The NYU Cultures of War and the Postwar Research Group, in conjunction with the Centre for the Americas and the Senator George J. Mitchell Institute for Global Peace, Security and Justice at Queen's University Belfast, invite you to the closing event of a seminar series examining the complex relationship between race, class, and policing in the Americas.
In this roundtable discussion (via Zoom) moderated by Patrick Deer (NYU), Sonia Das (NYU), Gabriella Johnson (NYU), Stuart Schrader (Johns Hopkins), and Nikhil Singh (NYU) will share their research on race, policing, mass incarceration and prison abolitionism in the United States and beyond. The panelists will explore how research undertaken and disseminated in different contexts (both within and outside of universities in the wake of Black Lives Matter and other protest movements) and across diverse approaches (policing, carceral studies, technology, prison education, literary and cultural studies, and scholar-activism) can contribute to raising critical awareness of police violence and mass incarceration.
Sonia Das is Associate Professor of Linguistic Anthropology at New York University and Co-Editor-In-Chief of the flagship Journal of Linguistic Anthropology. She is the author of Linguistic Rivalries: Tamil Migrants and Anglo-Franco Conflicts (Oxford UP, 2016), a study of the migration and diasporic experiences of Tamil-speaking Indians and Sri Lankans since the 1840s. Her current research examines how the big data of body-worn camera and predictive policing prepetuates racial inequalities in U.S. law enforcement.
Gabriella I. Johnson is a doctoral candidate in English and American literature at New York University, where her research and teaching focuses on African American literature, Black feminist theories, and prison abolitionist thought. She is currently writing her dissertation on 20th-century African American women's fiction as a prison abolitionist imagination.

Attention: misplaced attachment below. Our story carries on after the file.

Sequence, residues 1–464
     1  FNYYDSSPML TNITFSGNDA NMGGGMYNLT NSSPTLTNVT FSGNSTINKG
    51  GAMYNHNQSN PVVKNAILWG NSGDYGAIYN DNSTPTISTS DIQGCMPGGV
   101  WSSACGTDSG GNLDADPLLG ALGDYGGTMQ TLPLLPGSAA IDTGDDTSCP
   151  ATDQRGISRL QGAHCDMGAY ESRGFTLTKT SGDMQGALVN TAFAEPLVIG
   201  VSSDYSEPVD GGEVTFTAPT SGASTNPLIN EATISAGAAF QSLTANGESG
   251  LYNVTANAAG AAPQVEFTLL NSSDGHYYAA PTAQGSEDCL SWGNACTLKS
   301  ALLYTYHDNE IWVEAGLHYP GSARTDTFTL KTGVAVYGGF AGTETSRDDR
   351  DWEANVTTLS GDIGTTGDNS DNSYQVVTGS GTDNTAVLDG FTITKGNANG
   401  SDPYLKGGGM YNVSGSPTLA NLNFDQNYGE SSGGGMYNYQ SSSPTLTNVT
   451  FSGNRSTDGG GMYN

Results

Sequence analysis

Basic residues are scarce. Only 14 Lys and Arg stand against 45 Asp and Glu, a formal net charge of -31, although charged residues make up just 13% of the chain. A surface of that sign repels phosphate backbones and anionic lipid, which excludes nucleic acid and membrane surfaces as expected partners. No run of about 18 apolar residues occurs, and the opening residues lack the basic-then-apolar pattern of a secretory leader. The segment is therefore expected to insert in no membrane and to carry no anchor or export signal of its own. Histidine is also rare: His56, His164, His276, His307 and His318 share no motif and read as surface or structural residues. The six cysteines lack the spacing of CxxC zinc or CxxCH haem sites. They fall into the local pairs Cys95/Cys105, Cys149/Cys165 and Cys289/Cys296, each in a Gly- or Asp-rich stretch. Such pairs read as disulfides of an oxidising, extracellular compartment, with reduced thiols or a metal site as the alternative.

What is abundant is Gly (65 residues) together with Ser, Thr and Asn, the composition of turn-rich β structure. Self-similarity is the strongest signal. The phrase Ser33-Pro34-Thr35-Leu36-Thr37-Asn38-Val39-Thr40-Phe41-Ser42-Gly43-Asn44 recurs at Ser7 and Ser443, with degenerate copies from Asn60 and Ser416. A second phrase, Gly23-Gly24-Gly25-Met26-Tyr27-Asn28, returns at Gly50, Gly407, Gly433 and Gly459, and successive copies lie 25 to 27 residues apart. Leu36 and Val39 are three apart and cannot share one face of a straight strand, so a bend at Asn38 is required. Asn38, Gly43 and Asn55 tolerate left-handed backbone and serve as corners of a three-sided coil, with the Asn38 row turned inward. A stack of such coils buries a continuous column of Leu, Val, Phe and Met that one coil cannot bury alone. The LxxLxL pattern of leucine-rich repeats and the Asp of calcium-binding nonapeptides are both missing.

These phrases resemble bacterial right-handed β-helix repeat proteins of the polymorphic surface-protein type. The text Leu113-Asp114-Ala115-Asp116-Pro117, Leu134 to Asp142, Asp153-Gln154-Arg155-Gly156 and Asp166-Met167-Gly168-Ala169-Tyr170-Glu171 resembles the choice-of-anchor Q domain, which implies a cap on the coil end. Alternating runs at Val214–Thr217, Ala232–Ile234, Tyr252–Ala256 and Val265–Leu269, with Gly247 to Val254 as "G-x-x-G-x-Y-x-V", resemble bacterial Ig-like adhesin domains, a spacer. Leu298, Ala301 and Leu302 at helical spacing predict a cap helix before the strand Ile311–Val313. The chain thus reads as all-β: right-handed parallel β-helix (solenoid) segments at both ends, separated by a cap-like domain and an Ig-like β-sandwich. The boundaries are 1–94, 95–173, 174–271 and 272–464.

Stuart Schrader is Associate Research Professor in the Center for Africana Studies and Associate Director of the Program in Racism, Immigration, and Citizenship at Johns Hopkins University. He is the author of Badges Without Borders: How Global Counterinsurgency Transformed American Policing (U of California Press, 2019) which looks at the relationship between US projections of power overseas and the rise of the carceral state at home. His new project examines the political activities of police in the United States since the 1960s, via professional organizations and unions.
Nikhil Singh is Professor of Social and Analysis and History at New York University and Faculty Director of NYU's Prison Education Program. A historian of race, empire, and culture in the 20th-century United States, Singh is the author of Race and America's Long War (U of California Press, 2017) and the award-winning, Black Is a Country: race and the Unfinished Struggle for Democracy (Harvard UP, 2004). A new book Exceptional Empire: Race, Colonialism and the Origins of US Globalism is in-progress, and forthcoming from Harvard University Press.
Patrick Deer is Associate Professor of English at New York University and co-organizer of the NYU Cultures of War and the Postwar research group. He published a scholarly book about war writing and war culture in World War II, Culture in Camouflage: War, Empire and Modern British Literature (Oxord UP, 2009; paperback ed. 2016). His current book project is We Are All Embedded: Understanding American War Culture Since 9/11.